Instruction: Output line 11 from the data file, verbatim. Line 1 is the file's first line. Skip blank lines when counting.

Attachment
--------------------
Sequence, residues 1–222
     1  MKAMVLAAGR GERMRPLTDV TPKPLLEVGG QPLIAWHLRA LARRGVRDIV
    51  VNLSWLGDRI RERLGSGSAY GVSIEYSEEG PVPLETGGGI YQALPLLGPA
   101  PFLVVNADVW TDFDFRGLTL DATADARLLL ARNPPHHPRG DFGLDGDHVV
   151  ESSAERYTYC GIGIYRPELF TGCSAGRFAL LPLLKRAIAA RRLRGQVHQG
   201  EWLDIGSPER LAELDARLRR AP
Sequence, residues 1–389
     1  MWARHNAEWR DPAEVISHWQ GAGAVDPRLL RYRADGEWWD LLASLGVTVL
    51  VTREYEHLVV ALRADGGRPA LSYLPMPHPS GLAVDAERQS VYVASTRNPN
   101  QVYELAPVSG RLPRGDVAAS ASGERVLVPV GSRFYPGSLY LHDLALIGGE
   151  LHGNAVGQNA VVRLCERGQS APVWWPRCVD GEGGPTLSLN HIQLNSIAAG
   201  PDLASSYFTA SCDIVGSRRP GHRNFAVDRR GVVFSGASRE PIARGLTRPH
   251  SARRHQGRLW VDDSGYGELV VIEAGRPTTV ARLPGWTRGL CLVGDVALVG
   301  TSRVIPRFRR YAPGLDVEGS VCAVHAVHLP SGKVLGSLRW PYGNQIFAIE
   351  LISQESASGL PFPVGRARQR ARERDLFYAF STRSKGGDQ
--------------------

   151  LHGNAVGQNA VVRLCERGQS APVWWPRCVD GEGGPTLSLN HIQLNSIAAG